More importantly, it beats Nifty + Liquid (50:50) portfolio in 7 out of 8 years (including the current year).
Now, to the rolling returns.
ICICI Balanced Advantage Fund (BAF) did better in the initial years. Nifty 50 has done better in the last few years. In 2020, ICICI BAF has fallen less than Nifty 50.
Drawdowns and Rolling Risk
A major selling point for Balanced Advantage Funds is that you get equity-like returns at lower risk. Lower drawdowns help maintain investment discipline and stay the course.
Clearly, the volatility and the drawdowns are lower than the pure equity portfolio (Nifty 50 TRI). Therefore, if the intent was to offer equity-like returns at lower volatility, the fund has clearly achieved the purpose.
However, not everything is hunky-dory. In March when the markets crashed, the fund went down by over 17%. The maximum drawdown in the fund is over 25% in the last 7 years. While the fall is much less than Nifty 50 TRI, it is a big fall nonetheless. Perhaps, trend-based allocation models would have worked better when there are such steep declines.
Dynamic asset allocation funds or balanced advantage funds can be a decent choice for new investors or those investors who are looking for a single fund with reasonable returns and low volatility (and want asset allocation to be on autopilot). By the way, portfolio volatility can be handled through asset allocation at your level too.
At the same time, do not be under the impression that you cannot suffer losses with balanced advantage funds. I reproduce the monthly performance of some of the balanced advantage funds. Look at the returns for the month of March 2020.
- Past performance does not guarantee future performance.
- I have considered data for just 7 years. Not enough to draw a meaningful conclusion.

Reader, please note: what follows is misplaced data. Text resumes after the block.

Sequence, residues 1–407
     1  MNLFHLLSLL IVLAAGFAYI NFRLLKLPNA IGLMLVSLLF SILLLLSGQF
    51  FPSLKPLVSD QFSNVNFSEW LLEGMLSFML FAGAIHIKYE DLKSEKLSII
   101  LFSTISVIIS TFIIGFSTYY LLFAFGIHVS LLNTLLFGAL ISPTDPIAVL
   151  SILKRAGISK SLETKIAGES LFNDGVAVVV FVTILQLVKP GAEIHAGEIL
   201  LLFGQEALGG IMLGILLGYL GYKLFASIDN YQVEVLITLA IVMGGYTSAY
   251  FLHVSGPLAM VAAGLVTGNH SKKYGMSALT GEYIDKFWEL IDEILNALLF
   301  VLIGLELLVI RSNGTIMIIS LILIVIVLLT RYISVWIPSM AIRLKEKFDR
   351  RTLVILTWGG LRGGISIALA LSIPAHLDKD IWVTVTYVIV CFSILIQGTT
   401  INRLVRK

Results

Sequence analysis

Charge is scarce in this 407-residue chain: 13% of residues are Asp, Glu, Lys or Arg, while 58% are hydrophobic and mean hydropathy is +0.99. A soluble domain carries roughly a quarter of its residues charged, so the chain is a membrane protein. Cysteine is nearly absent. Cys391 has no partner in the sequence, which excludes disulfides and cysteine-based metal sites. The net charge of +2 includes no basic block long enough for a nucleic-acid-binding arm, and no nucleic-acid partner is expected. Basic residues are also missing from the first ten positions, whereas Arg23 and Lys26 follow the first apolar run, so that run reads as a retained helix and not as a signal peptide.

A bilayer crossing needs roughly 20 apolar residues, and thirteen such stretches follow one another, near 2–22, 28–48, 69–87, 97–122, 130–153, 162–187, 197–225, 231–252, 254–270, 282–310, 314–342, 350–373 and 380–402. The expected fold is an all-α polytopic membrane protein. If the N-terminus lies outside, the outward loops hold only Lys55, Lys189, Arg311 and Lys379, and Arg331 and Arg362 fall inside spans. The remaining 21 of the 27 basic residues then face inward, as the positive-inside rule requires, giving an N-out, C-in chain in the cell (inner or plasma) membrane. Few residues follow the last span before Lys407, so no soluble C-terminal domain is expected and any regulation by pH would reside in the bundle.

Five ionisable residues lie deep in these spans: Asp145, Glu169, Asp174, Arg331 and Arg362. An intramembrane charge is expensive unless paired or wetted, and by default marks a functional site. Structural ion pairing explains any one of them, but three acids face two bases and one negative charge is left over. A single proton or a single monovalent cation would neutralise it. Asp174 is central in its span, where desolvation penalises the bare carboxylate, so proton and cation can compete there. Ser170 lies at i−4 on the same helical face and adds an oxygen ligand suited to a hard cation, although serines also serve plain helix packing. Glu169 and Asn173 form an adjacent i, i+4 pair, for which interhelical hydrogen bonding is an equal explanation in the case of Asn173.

- ICICI Balanced Advantage is an active fund. There are active calls on both asset allocation and security selection. Appreciate the usual risks associated with active funds.
- Balanced Advantage Funds are not just about the asset allocation model. There is active security selection too. For a deeper analysis, we need to check how much of the performance can be attributed to asset allocation and how much to active security selection. I have not done that.
- Balanced Advantage Funds or dynamic asset allocation funds can be created using index funds too. For instance, a balanced advantage fund can use an index fund for equity exposure. None of the funds does that. There is a tax roadblock too in this angle. For the fund to qualify for equity tax treatment, it would need to have at least 90% in the equity index fund or ETF. If it holds stocks, the requirement is just 65%.
- You can argue whether Nifty 50 TRI is an appropriate comparison benchmark. ICICI BAF can invest in a wider spectrum of stocks. Hence, I could have considered Nifty 100 or Nifty Large & Midcap 250 for comparison.
- In the case of hybrid funds, consider the quality of the fixed income portfolio. All of us are prepared for hits in the equity portfolios but fixed income portfolios of hybrid funds can deliver nasty surprises. Therefore, if you want to sleep peacefully, consider the credit quality of the fixed income portfolio before selecting a hybrid fund. Do not just go by past returns or the aspects that I have shared in this post.
- The asset allocation models are proprietary. Different asset allocation models will do well at different times. If you must invest in a Balanced Advantage fund, read the Scheme Information document to understand the asset allocation approach.
Technically, HDFC Balanced Advantage Fund (erstwhile HDFC Prudence) is the largest fund in this category currently. However, I have not considered the fund because this fund was a regular hybrid fund until mid-2018. As I understand, even now, it is run like a normal aggressive hybrid fund. The change in category was simply to get around SEBI rules.
This is not a recommendation to invest in ICICI Balanced Advantage Fund.
I do not have any balanced advantage fund in my portfolio. A few clients have such funds in the portfolio.